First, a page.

# Maths background¶

## Statistical distribution of visibilities¶

We will consider only a single channel. Let \(e^k\) be the electric field at source \(k\) and \(J_p^k\) be the Jones matrix representing all effects (direction-dependent and -independent) for antenna \(p\) and source \(k\) (in general, we will use superscripts for sources and subscripts for antennas). Each antenna will also experience thermal noise, which we’ll denote as \(n_p\). The channelised voltage \(v_p\) then satisfies

We can break these terms into scalars with separate variables for the real and imaginary components. Let

The covariance matrix of these elements has some important properties:

Different sources are assumed to be uncorrelated. This in turn means that \(J_p^k e^k\) and \(J_q^l e^l\) are also uncorrelated.

Noise terms are assumed to be uncorrelated with everything.

Applying the same phase shift to all voltages does not affect the distribution (i.e., it is circular). From this it can be deduced that \(E[a_p] = E[b_p] = 0\), \(E[(a_p^j)^2] = E[(b_p^j)^2]\) and \(E[a_p^jb_p^j] = 0\) (and similarly for \(c\) and \(d\)); and \(E[a_pa_q] = E[b_pb_q]\), \(E[a_pb_q] = -E[b_pa_q]\), and similarly for cross-hand terms.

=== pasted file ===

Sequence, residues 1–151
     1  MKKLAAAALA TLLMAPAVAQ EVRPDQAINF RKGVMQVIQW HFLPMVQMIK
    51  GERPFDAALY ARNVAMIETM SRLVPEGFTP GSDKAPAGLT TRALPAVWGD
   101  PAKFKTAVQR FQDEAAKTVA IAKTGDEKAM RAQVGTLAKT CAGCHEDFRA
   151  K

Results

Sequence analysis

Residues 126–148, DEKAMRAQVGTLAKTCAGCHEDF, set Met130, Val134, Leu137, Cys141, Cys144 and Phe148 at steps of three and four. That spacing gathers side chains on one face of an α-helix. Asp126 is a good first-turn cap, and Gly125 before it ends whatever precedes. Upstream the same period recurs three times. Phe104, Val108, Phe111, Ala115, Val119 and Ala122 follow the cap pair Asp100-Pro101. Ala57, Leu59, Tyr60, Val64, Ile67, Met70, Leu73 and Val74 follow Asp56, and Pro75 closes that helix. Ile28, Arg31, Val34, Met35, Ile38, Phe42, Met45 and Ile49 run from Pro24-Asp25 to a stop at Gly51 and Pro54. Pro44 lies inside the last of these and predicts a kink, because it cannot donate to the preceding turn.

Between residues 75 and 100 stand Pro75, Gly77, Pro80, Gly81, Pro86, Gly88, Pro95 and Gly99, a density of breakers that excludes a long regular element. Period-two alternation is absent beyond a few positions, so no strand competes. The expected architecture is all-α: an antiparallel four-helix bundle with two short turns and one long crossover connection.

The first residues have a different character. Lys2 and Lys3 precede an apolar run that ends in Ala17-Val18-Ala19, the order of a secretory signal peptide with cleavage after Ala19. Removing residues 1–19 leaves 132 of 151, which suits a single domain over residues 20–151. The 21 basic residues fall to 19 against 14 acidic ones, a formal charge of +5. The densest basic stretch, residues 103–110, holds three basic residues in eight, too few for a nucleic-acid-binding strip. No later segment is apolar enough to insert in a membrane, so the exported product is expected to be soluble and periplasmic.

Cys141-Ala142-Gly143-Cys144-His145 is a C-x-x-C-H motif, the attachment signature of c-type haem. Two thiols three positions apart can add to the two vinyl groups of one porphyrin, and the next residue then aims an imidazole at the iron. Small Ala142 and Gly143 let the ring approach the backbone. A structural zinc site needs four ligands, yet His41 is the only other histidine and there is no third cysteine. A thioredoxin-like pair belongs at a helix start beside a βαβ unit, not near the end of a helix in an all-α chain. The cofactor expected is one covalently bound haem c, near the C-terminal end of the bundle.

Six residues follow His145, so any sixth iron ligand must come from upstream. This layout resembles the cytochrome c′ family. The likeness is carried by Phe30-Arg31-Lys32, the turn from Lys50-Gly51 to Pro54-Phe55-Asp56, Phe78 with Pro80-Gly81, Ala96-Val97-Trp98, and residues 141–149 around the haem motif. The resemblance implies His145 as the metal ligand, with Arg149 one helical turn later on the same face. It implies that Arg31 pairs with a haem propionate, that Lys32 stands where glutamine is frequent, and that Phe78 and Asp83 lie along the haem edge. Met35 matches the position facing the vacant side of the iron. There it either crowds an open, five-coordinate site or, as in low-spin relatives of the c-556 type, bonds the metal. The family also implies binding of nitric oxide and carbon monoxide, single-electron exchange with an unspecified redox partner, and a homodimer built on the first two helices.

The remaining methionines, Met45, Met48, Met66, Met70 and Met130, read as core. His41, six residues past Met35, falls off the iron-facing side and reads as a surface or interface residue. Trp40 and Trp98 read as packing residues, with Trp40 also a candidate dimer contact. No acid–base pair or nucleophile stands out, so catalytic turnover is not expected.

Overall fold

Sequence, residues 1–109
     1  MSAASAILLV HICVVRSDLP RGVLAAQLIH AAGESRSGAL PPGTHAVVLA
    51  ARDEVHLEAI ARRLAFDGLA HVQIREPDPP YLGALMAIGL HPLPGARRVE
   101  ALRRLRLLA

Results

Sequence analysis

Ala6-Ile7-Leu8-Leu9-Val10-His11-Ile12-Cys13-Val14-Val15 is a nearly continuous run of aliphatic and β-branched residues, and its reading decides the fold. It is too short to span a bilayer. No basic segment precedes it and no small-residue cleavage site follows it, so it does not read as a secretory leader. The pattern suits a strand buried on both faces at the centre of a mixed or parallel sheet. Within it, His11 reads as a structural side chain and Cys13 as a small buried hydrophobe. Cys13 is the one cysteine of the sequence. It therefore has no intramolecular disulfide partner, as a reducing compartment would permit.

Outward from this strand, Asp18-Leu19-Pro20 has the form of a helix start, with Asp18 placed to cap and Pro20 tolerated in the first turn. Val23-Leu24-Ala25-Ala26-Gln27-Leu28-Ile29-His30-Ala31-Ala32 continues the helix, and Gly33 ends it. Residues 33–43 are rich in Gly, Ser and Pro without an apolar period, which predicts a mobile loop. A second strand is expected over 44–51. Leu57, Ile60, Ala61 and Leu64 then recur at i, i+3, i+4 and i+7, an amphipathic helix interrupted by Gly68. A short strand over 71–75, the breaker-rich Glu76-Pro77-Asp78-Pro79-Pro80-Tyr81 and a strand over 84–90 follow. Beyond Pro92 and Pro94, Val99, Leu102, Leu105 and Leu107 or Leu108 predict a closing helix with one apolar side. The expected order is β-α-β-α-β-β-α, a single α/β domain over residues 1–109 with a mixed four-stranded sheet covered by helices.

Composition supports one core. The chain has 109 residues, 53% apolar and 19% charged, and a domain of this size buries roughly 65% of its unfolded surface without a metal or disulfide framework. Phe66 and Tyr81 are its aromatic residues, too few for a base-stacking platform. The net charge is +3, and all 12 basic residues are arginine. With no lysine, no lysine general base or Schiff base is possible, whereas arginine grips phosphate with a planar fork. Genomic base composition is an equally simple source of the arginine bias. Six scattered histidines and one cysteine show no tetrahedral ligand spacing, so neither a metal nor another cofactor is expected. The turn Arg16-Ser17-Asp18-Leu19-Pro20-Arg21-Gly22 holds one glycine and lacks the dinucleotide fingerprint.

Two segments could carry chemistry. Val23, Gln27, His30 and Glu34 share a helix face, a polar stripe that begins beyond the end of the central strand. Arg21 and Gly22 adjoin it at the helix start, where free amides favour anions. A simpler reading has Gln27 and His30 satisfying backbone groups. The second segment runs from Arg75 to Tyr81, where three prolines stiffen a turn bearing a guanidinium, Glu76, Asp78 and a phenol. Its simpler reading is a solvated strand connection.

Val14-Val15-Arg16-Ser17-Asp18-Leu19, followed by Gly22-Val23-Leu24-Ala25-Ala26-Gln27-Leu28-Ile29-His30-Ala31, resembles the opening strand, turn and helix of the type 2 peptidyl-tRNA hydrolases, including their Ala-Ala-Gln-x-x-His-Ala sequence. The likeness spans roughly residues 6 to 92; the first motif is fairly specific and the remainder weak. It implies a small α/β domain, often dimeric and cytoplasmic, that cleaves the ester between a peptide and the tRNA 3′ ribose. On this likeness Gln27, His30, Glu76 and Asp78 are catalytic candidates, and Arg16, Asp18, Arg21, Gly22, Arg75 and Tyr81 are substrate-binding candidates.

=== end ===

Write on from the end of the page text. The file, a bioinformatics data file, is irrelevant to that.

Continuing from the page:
The visibility matrix for antennas \(p\) and \(q\) is

This matrix is then accumulated \(N\) times. Assuming \(N\) is large, the sum will behave like a multi-variate Gaussian distribution, and thus to generate samples it is sufficient to know the mean and covariance matrix for the 8 terms.

Expanding to a sum of sources, most terms disappear under the assumptions of independence, giving an expected value of

The terms in this sum are exactly the source coherencies, and can be predicted from the RIME [rime], with the exception of the noise power that appears in the autocorrelations. Using the expectation identities listed earlier, we can also simplify this to

It’s important to note that it is only the *expectations* that are equivalent
to the previous formula; the values inside the expectations are not the same
for particular samples of the random variables.

Next, let us compute variance for the visibility matrix, using Isserlis’ Theorem:

The expectations in this expression all appear in the visibility matrix itself. Variances for the other seven terms can be computed similarly by substituting \((b_p, -a_p)\), \((c_p, d_p)\) or \((d_p, -c_p)\) in place of \((a_p, b_p)\) and the same for \(q\). The covariance between real and imaginary parts can be computed similarly:

For now we omit covariances between polarizations and between baselines and treat them as zero. While incorrect, these covariances currently have no effect on ingest (it may eventually have an effect if flagging is done jointly across polarisations).

- rime
Smirnov, O.M. Revisiting the radio interferometer measurement equation. I. A full-sky Jones formalism. A&A 527 A106 (2011).